My meltdown was Thursday morning and I think it was down to the stress and general lack of sleep. I was ready to throw in the towel and couldn’t see the wood for the trees and didn’t know how I was going to perform on my day. There were a few tears and, after some stern but kind words from the oracle, I pulled my socks up and never looked back. I do now wonder how those contestants are doing who didn’t have a wobbly moment during the week.
Why did I enter? If you know me, you wouldn’t ask that question! I felt quite natural in front of the camera and the crew seemed very happy with my ‘one take wonder’ attitude, which meant they could break sooner. I genuinely thought I would win the competition and in hindsight I realise that the competition is not about cooking: it’s about scoring tactically, which I did not. I love cooking and still love cooking and entertaining. And whilst we’re on the subject of entertaining …
My entertainment was originally going to be a ‘70s disco. But this idea was quickly squashed once I made it through to the last five. I was told very clearly the entertainment should last no more than thirty minutes and will take place between main and dessert. Then the heavily ladened suggestions came from the producer: What about … How about … This would be good.
”You line ’em up, and I’ll hit them out of the park,” I can hear myself self saying to him. I must have been a producer’s delight agreeing to most suggestions. We agreed on an ‘80s-themed gym class fancy dress and all leading the contestants through a string of exercises, the harder exercises went to the contestants I least liked.
All this was to be to the theme of Olivia Newton John’s Lets get Physical. I still wake up with that reflection I caught of myself in the conservatory window looking like a cross between Mr Motivator and Po (the red teletubby). It was the all-in-one red lycra jumpsuit I was wearing! All the contestants were given individually stupid ‘80s fancy dress costumes, which I had already been filmed trying on at a local fancy dress shop. For the record, I am completely at ease with my sexuality despite how I may come across after editing!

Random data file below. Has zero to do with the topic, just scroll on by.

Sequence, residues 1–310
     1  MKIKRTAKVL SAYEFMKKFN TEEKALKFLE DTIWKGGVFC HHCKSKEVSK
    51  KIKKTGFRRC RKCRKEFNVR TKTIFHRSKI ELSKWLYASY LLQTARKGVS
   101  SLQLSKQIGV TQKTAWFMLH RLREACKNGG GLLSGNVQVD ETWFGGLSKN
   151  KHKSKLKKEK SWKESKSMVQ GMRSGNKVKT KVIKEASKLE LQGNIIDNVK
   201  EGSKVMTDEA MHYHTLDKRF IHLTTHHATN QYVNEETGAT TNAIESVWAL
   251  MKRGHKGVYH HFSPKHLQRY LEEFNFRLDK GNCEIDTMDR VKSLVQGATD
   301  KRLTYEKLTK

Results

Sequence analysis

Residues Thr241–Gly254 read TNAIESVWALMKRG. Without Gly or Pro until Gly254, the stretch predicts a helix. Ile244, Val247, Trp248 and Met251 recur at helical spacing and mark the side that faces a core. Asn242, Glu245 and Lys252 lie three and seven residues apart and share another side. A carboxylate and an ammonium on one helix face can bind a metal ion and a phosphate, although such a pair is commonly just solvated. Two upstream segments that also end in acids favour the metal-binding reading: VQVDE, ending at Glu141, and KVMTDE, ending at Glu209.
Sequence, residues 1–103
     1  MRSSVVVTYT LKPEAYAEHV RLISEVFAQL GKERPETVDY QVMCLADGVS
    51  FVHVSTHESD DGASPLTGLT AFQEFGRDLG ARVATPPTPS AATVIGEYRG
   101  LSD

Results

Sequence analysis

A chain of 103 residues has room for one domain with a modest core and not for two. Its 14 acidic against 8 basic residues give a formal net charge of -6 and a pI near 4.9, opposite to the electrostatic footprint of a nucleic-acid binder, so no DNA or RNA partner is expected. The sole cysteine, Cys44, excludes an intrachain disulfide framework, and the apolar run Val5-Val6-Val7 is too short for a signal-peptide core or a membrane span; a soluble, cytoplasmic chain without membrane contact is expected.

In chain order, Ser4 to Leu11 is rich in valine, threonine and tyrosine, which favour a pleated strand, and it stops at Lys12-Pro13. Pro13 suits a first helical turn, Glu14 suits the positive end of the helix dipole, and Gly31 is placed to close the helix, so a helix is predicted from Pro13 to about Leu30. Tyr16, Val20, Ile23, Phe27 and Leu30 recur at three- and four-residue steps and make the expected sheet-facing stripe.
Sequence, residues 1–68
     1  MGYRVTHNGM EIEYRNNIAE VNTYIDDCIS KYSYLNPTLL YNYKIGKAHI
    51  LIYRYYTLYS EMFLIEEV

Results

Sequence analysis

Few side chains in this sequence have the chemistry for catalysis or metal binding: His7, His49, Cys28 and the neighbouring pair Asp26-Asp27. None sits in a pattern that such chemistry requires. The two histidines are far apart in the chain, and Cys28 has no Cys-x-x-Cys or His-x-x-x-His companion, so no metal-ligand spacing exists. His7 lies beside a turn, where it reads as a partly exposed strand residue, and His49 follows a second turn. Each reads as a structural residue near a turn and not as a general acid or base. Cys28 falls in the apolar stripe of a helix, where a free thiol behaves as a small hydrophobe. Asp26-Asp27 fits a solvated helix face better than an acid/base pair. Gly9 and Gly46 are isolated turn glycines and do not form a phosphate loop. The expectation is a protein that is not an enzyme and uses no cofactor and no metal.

It’s not all glitz and glamour as there is a lot of hanging around between scenes, although four out of the five of us got on really well and were never short of something to talk about. In fact, we didn’t always remember if we were on-camera or not, as we felt equally comfortable with the film crew.
At each destination you can be kept waiting in the car for up to 1.5 hours before you are called to do the famous knock on the door. You have no idea what to expect when it opens or who you are going to meet. Once you arrive for your welcome drink you then go on the organised house snoop: unlike past episodes, where the host’s guests could ferret through your most intimate possessions, such as your knickers’ drawer. My wife had several meltdowns about this during the preceding week, frantically removing anything incriminating. Had the contestants gone through our drawers they would have wondered how we lived such a frugal life with no clothes or underwear.
The film crew stipulates which rooms contestants can enter and they have prearranged which items you are to leave out to view. This helps them get an insight into the kind of person you are and any surprising secrets, which then stimulates discussion around the dinner table. Following the tour, you then all sit down for your starter, followed eventually by the main, before you are each individually interviewed by the director in one of the bedrooms. You finally get to eat your dessert around midnight.
Often in the early hours of the following morning each individual contestant gets in a black cab which drives around the block and is filmed giving the score so it was always a long day.
Looking back with those rose-coloured spectacles on, the week was very enjoyable or, at least, the memory was.
You forget the stress and lack of sleep. I calculated I slept for just 12 hours over the five days and five nights I lost 4kgs, probably because I felt physically sick every morning, not through the volume of alcohol consumed but through the general stress of the week and thus never ate a thing until the three course meal every night. The compulsory large glass of white before the taxi arrived usually settled my stomach.